When provided by a skilled therapist, cognitive treatments are equal to sedative hypnotic medications in terms of effectiveness in treating patients with insomnia.45 a 6-month follow-up study demonstrated the durability of cognitive treatment in reducing numerous sleep problems, including a reduction in troubling nightmares.46 reduction of anxiety through the successful application of cognitive therapy may also reduce the need for sleep medications.47 
Conclusion
Medications remain the physician's first choice for the treatment of patients with acute insomnia. That choice makes sense given the quick relief and relatively safe profile many sleep medications provide. Chronic sleep disorders present a different challenge when concerns about long-term medication management arise. The research reported herein suggests that clinicians should consider nonpharmacologic strategies to manage long-term insomnia. In some cases, of course, the patient needs the sophisticated services of a specialist in sleep medicine. For many other patients, the physician's careful assessment and simple interventions may lead to a good night's sleep.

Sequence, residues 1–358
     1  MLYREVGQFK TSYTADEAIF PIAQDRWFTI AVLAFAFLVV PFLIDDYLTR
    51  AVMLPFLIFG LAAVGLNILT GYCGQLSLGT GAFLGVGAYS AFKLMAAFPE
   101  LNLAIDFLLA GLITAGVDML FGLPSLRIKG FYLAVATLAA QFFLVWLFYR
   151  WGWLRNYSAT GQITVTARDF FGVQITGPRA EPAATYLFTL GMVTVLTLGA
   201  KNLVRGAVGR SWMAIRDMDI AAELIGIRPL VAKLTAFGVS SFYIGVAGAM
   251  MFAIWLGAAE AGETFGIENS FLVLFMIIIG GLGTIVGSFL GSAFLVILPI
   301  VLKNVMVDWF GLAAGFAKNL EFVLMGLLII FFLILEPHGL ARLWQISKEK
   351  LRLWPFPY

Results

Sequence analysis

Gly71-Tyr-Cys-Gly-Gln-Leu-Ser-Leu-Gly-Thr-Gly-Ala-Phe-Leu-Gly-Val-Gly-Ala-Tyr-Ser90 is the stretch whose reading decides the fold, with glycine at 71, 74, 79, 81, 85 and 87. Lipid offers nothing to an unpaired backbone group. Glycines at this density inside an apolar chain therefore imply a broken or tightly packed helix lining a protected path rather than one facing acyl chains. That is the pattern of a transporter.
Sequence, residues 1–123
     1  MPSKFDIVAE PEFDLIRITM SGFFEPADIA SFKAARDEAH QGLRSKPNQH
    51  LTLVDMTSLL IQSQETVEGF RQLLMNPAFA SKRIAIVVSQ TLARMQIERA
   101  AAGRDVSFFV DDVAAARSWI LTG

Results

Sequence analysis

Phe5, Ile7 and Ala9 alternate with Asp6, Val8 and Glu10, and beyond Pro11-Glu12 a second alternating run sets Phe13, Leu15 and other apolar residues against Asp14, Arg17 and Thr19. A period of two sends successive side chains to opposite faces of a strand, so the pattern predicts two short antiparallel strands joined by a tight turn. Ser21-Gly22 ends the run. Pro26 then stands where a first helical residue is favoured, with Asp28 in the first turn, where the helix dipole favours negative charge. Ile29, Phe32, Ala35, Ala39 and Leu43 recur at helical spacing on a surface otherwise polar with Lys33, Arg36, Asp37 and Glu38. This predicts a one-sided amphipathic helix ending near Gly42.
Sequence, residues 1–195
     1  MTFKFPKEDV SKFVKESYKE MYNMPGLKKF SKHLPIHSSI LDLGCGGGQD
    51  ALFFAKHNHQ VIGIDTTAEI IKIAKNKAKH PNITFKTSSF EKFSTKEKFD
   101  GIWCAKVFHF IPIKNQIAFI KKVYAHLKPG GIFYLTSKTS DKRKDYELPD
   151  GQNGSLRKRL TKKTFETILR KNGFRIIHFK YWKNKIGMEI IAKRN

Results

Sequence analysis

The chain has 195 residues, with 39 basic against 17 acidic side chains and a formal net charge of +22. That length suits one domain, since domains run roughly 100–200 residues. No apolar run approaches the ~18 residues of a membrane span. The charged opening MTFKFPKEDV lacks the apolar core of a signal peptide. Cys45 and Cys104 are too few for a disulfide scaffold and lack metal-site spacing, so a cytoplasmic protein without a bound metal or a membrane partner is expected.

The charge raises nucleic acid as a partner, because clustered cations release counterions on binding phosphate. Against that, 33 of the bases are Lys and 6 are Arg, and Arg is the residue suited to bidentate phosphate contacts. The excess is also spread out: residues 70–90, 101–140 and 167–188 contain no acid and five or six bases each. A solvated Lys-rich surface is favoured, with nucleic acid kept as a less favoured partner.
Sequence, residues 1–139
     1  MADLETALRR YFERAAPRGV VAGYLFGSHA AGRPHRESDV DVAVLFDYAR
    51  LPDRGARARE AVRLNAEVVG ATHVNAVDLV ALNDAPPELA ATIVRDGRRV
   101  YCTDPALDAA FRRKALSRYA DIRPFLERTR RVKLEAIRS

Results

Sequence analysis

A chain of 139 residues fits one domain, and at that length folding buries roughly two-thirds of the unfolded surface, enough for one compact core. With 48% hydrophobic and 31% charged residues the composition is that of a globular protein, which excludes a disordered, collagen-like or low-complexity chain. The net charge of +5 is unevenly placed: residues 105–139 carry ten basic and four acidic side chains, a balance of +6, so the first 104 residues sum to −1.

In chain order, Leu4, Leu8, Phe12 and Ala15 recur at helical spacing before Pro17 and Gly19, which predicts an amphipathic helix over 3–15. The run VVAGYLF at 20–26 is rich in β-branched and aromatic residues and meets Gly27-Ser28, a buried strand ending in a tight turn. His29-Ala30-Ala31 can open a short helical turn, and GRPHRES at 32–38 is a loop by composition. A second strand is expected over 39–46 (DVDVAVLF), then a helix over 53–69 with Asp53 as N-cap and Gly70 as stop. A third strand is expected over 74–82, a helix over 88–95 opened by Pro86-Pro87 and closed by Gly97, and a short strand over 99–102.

Disclaimer: The views expressed in this article are those of the authors and do not reflect the official policy of the Department of Army, Department of Defense, or US Government.
 
 Financial Disclosures: The authors have no conflicts of interest to disclose.
 
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Figure 1.
Sample patient handout provides practices that promote better sleep. Source: National Heart, Lung, and Blood Institute Working Group on Insomnia. Insomnia: Assessment and Management in Primary Care. Bethesda, MD: National Heart, Lung, and Blood Institute. NIH publication 98-4088. http://www.nhlbi.nih.gov/guidelines/archives/insom_pc/insom_pc_archive.pdf. Published September 1998. Accessed May 31, 2010.31